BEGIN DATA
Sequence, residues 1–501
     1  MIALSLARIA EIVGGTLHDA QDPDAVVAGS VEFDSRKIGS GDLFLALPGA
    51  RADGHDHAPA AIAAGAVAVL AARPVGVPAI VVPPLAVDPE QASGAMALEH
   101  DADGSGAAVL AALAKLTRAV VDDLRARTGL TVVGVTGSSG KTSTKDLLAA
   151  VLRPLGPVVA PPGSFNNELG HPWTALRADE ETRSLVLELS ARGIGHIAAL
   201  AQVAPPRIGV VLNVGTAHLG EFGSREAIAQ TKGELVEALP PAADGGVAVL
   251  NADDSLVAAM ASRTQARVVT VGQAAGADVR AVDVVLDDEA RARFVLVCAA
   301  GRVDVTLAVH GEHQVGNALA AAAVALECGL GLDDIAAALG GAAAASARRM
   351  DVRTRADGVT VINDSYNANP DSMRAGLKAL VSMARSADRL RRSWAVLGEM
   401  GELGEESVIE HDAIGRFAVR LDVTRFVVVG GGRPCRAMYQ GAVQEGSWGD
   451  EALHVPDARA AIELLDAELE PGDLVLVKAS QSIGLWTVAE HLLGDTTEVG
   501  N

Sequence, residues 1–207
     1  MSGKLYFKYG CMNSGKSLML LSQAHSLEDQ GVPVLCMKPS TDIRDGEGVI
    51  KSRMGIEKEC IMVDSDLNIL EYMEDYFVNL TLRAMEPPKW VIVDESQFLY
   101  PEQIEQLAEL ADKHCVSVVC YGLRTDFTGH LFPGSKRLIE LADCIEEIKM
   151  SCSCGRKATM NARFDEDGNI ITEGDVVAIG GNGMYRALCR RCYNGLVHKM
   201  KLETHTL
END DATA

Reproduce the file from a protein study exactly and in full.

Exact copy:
Sequence, residues 1–501
     1  MIALSLARIA EIVGGTLHDA QDPDAVVAGS VEFDSRKIGS GDLFLALPGA
    51  RADGHDHAPA AIAAGAVAVL AARPVGVPAI VVPPLAVDPE QASGAMALEH
   101  DADGSGAAVL AALAKLTRAV VDDLRARTGL TVVGVTGSSG KTSTKDLLAA
   151  VLRPLGPVVA PPGSFNNELG HPWTALRADE ETRSLVLELS ARGIGHIAAL
   201  AQVAPPRIGV VLNVGTAHLG EFGSREAIAQ TKGELVEALP PAADGGVAVL
   251  NADDSLVAAM ASRTQARVVT VGQAAGADVR AVDVVLDDEA RARFVLVCAA
   301  GRVDVTLAVH GEHQVGNALA AAAVALECGL GLDDIAAALG GAAAASARRM
   351  DVRTRADGVT VINDSYNANP DSMRAGLKAL VSMARSADRL RRSWAVLGEM
   401  GELGEESVIE HDAIGRFAVR LDVTRFVVVG GGRPCRAMYQ GAVQEGSWGD
   451  EALHVPDARA AIELLDAELE PGDLVLVKAS QSIGLWTVAE HLLGDTTEVG
   501  N

Sequence, residues 1–207
     1  MSGKLYFKYG CMNSGKSLML LSQAHSLEDQ GVPVLCMKPS TDIRDGEGVI
    51  KSRMGIEKEC IMVDSDLNIL EYMEDYFVNL TLRAMEPPKW VIVDESQFLY
   101  PEQIEQLAEL ADKHCVSVVC YGLRTDFTGH LFPGSKRLIE LADCIEEIKM
   151  SCSCGRKATM NARFDEDGNI ITEGDVVAIG GNGMYRALCR RCYNGLVHKM
   201  KLETHTL